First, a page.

Sadly, sports-related head injuries are becoming a common occurrence. Though sports injuries rarely result in death, sports and recreational activities contribute to a fifth of traumatic brain injuries among kids in the U.S. If you’re a parent, here’s what you need to know about protecting your child.
Safety starts with a helmet
Kids should wear helmets during skateboarding, rollerblading, baseball, cycling, football, downhill skiing and snowboarding, says Brian Iuliano, M.D., a Providence neurosurgeon in southwest Washington. A loose helmet that wiggles won’t provide much protection, so ensure it fits snug but not too tight. To prevent a skull fracture, the helmet should cover the temporal bones (in front of and above the ear), which are thinner and more fragile.
Remember to replace damaged helmets immediately. And, don’t be fooled by price tags. A more expensive helmet doesn’t necessarily provide extra protection, according to a recent report. The study also found older helmets that had not been reconditioned offered less protection than newer helmets or ones that had been recently reconditioned.
In addition to wearing a suitable helmet, children should receive appropriate training. If they play football, do they know how to correctly tackle? Do they know how to turn and stop on skis? “Proper technique, along with practice, will help reduce injury, avoid falls and minimize impact,” says Dr. Iuliano.
It’s critical to wear a helmet, but helmets don’t always prevent concussions. “Helmets, especially for football and biking, are designed to prevent severe head injuries like skull fractures and brain contusions,” says Dr. Iuliano. “One mechanism that feeds concussion is sudden deceleration or acceleration where the brain moves inside skull.”
A concussion, which is considered a mild traumatic brain injury, occurs when a blow to the head is so powerful that the cushioning provided by cerebrospinal fluid can no longer protect the brain from rotating or hitting the skull. Roughly 250,000 kids (age 19 or younger) visited the emergency room in 2009 for a concussion or traumatic brain injury related to a sports and recreation accident, according to the Centers for Disease Control and Prevention. An estimated 40,000 of those injuries are linked to high school football, says Dr. Iuliano. One study found that high school football players are almost twice as likely to sustain a concussion compared with college athletes.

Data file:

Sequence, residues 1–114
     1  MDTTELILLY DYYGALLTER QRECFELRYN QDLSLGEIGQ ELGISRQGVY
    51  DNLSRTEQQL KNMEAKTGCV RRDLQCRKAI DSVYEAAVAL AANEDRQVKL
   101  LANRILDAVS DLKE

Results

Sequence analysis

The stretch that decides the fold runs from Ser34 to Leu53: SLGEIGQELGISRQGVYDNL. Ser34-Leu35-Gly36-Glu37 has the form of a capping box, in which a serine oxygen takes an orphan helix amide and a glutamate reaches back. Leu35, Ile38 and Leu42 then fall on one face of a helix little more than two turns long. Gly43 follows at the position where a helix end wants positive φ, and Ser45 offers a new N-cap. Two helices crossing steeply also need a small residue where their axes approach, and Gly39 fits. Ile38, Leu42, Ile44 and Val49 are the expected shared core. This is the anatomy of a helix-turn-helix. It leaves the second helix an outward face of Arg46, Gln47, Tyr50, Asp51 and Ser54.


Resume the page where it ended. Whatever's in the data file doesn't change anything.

Know the signs of concussion
Call 911 or seek immediate medical attention if you notice any of the following:
- Loss of consciousness
- Slurred speech
- One-sided weakness
- Unequal dilation of eyes
- Extreme confusion
- Severe or increasing head or neck pain
- Problems breathing
- Bleeding or discharge from ears or nose
Consult a pediatrician or triage nurse if your child experiences any of the following:
- Seeing stars
- Mild amnesia
- Sensitivity to light or noise
- Depression, anger
- Difficulty sleeping
- Trouble concentrating
- Problems with smell or taste
Until your child receives clearance from a doctor, avoid sports and other physical activities.
Treat a concussion
Hitting your head once isn’t necessarily a big deal, says Dr. Iuliano. What you want to avoid are repeat concussions or having one concussion too soon after the first one. Too many concussions, particularly within a year, can result in severe brain injury. Consult a pediatrician or primary care physician if your child sustains a concussion. Either provider should be able to counsel a patient before returning to sports.
If needed, your provider can refer you to a specialist such as a neurologist. The best treatment for concussion is rest, both physical and mental. Concussions can affect the ability to think and process, so the brain needs time to recover. “A child may return to school but it’s important for the school to have a plan in place to help with recovery,” says Dr. Iuliano.